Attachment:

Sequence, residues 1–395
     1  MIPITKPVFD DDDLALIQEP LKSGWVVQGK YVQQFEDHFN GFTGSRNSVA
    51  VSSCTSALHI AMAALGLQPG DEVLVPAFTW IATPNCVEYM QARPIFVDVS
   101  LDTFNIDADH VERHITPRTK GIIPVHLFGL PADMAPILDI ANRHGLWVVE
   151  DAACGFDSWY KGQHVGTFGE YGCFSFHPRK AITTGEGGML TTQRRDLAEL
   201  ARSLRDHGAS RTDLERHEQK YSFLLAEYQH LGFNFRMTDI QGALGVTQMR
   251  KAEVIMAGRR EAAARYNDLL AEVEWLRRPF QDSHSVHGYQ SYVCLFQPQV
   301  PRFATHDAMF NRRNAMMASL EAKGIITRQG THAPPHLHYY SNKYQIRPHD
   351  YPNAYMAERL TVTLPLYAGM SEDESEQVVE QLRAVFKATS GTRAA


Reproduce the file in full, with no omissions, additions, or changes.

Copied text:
Sequence, residues 1–395
     1  MIPITKPVFD DDDLALIQEP LKSGWVVQGK YVQQFEDHFN GFTGSRNSVA
    51  VSSCTSALHI AMAALGLQPG DEVLVPAFTW IATPNCVEYM QARPIFVDVS
   101  LDTFNIDADH VERHITPRTK GIIPVHLFGL PADMAPILDI ANRHGLWVVE
   151  DAACGFDSWY KGQHVGTFGE YGCFSFHPRK AITTGEGGML TTQRRDLAEL
   201  ARSLRDHGAS RTDLERHEQK YSFLLAEYQH LGFNFRMTDI QGALGVTQMR
   251  KAEVIMAGRR EAAARYNDLL AEVEWLRRPF QDSHSVHGYQ SYVCLFQPQV
   301  PRFATHDAMF NRRNAMMASL EAKGIITRQG THAPPHLHYY SNKYQIRPHD
   351  YPNAYMAERL TVTLPLYAGM SEDESEQVVE QLRAVFKATS GTRAA